This chapter explores the contrasting role of proportionality discourse in the USA and in Latin America. Although the USA provided an important constitutional model for Latin American countries, the latter does not share the former’s disinterest in the proportionality framework, which is considered foreign to the legal tradition of the country despite the fact it is arguably harmonic with the approach to law creation in the common law tradition. The chapter seeks possible explanations for the contrast in four elements: the importance in Latin America of centralized, specialized constitutional jurisdiction; the tradition of borrowing constitutional jurisprudence from abroad; the openness to constitutional change and innovation; and sensitivity to the egalitarian potential of rights review, even if that potential remains largely unrealized, which favors experimentation around proportionality. The USA sits at the opposite end of the spectrum along each of the dimensions that support proportionality analysis.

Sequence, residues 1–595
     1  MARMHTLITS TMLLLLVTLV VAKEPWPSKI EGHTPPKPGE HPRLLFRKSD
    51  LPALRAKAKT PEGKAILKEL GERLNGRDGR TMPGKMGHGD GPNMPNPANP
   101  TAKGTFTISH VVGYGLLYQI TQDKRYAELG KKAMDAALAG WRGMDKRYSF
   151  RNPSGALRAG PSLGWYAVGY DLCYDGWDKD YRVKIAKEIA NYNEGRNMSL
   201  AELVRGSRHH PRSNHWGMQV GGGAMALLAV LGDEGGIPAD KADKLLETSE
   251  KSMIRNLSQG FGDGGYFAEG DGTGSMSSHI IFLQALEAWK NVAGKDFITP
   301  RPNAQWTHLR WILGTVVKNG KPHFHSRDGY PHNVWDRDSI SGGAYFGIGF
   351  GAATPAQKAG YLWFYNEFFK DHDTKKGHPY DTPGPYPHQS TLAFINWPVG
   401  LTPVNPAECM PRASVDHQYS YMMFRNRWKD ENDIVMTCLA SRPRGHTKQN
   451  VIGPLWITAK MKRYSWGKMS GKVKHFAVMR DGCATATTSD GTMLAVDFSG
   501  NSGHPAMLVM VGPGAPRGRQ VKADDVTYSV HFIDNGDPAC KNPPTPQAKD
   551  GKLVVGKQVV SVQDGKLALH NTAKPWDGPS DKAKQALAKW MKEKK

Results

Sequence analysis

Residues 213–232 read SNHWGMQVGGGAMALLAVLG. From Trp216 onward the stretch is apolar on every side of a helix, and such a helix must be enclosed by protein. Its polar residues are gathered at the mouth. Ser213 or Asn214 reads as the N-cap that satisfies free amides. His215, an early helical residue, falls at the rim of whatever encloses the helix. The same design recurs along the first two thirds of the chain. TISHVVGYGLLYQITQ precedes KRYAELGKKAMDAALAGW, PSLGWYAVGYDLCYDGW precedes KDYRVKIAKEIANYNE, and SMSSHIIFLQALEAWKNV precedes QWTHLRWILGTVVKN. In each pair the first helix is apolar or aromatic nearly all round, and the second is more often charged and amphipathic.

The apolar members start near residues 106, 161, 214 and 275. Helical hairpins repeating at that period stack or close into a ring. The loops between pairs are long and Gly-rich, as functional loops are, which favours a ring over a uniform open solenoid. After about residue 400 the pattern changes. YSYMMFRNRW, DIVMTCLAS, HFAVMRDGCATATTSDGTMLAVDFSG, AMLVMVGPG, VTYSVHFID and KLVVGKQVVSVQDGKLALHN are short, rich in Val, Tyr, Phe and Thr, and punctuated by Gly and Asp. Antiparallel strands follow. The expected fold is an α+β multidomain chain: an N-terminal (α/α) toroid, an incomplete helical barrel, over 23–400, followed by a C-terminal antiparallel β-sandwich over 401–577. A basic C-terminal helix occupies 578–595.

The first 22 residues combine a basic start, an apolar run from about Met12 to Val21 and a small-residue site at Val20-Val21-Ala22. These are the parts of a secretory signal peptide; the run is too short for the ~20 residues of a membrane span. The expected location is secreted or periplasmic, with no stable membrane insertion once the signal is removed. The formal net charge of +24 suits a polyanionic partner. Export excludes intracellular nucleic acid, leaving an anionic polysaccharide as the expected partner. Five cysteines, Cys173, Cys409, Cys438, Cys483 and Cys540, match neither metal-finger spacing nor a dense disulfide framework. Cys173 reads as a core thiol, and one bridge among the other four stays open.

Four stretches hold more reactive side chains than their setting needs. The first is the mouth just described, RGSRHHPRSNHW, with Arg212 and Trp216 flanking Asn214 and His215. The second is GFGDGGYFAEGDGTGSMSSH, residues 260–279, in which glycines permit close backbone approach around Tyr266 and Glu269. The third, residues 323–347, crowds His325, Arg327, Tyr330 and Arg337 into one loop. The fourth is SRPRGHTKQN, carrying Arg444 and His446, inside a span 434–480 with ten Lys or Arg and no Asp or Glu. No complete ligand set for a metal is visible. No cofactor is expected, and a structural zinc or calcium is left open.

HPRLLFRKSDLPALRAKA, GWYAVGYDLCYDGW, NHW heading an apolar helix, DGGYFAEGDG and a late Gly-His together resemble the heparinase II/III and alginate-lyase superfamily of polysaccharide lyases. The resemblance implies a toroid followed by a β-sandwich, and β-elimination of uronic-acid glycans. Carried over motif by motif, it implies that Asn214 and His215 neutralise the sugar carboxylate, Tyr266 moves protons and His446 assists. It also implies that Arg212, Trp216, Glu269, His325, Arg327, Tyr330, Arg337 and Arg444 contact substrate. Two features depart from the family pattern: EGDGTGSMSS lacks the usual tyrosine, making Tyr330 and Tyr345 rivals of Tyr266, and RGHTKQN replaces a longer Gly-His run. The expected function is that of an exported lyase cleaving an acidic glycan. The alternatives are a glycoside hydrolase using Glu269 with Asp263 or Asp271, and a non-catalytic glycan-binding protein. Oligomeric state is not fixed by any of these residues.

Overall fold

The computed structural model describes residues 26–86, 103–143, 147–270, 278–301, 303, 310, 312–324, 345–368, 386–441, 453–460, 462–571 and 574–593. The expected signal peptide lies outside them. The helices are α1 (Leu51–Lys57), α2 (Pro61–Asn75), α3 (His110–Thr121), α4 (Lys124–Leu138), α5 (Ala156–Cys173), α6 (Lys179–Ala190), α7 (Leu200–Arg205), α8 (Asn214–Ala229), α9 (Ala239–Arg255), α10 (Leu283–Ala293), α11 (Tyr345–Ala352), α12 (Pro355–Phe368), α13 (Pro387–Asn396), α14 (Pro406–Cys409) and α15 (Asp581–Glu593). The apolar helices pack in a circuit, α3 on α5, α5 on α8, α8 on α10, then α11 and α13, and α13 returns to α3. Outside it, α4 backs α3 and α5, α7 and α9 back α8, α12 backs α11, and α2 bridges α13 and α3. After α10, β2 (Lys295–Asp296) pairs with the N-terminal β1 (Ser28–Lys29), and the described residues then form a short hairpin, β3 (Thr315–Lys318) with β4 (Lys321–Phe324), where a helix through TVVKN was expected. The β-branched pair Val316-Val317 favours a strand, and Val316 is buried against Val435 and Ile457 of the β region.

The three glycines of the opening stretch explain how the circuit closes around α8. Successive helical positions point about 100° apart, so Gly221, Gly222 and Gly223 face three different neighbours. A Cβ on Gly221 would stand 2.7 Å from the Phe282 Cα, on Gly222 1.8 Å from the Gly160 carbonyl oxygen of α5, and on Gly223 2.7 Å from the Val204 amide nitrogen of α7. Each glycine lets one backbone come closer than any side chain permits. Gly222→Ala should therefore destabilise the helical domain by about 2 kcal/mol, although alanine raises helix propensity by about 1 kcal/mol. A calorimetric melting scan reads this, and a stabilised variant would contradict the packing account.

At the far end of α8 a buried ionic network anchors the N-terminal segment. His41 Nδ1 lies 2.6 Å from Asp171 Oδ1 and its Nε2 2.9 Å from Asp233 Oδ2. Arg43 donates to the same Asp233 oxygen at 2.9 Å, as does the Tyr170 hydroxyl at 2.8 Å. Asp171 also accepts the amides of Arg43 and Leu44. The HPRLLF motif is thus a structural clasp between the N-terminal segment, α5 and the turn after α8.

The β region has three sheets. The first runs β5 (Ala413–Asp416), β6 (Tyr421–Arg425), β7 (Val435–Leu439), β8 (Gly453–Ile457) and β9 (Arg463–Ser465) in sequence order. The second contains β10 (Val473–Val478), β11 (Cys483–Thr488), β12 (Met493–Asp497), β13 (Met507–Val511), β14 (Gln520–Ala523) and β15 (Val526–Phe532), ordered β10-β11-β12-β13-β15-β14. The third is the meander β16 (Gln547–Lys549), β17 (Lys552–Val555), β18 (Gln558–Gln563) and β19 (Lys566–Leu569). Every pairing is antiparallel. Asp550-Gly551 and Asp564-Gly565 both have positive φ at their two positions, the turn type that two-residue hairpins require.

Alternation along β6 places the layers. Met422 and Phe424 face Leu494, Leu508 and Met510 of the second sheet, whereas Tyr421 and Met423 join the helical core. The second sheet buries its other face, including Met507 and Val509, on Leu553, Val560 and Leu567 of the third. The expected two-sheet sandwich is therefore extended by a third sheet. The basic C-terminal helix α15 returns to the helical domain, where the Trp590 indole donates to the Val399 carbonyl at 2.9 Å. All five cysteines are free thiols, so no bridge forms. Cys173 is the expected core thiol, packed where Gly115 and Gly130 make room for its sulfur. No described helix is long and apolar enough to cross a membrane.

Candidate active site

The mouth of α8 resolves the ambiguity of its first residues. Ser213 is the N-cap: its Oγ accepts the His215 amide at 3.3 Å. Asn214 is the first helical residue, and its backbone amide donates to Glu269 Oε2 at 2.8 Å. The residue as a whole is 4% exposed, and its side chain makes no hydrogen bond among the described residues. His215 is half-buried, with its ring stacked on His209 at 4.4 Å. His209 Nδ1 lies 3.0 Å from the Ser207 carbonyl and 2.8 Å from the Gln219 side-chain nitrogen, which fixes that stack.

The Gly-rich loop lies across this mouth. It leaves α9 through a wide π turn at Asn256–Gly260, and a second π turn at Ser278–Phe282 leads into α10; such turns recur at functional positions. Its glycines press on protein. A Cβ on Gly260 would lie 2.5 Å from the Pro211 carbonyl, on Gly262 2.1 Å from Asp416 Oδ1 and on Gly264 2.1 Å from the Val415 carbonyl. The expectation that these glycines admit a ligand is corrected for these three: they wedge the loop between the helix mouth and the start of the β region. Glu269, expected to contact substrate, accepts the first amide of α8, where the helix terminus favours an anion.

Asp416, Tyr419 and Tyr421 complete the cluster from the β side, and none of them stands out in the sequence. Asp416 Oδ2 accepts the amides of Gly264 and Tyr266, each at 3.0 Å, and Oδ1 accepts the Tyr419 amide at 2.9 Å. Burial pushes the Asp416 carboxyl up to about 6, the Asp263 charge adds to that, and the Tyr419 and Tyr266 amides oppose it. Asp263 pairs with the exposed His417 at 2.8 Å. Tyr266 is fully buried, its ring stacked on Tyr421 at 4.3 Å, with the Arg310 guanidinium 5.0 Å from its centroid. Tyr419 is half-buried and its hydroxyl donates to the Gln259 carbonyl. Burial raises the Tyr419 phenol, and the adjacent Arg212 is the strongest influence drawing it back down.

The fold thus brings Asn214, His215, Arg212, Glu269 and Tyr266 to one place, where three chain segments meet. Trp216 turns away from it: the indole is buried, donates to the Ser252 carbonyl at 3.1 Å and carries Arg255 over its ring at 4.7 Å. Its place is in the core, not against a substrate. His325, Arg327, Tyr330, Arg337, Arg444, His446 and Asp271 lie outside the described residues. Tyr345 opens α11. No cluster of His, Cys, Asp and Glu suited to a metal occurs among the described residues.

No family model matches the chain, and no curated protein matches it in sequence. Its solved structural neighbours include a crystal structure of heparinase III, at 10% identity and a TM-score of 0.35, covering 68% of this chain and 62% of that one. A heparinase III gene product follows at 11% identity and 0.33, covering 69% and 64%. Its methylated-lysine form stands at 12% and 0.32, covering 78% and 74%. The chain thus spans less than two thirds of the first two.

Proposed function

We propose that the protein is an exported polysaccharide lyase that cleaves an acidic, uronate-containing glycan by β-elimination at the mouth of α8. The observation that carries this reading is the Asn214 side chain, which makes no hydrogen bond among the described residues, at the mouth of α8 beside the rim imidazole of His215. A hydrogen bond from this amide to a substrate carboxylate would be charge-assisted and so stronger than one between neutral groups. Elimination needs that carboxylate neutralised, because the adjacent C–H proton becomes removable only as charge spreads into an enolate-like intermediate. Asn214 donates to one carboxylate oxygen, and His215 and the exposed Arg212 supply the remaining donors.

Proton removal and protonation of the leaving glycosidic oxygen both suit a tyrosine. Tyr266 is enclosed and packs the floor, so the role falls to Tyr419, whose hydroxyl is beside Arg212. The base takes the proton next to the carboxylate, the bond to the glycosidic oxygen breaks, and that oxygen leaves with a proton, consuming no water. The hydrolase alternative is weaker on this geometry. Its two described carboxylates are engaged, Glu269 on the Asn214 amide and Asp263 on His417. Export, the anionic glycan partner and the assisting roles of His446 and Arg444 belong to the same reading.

Comparative and Foreign Law | Latin American Studies | Law
Epilogue: The Elephant in the Room,
Proportionality and Transformation: Theory and Practice from Latin America, Francisca Pou-Giménez, Laura Clérico & Esteban Restrepo-Saldarriaga (Eds.), Cambridge University Press
Available at: https://scholarship.law.columbia.edu/faculty_scholarship/4301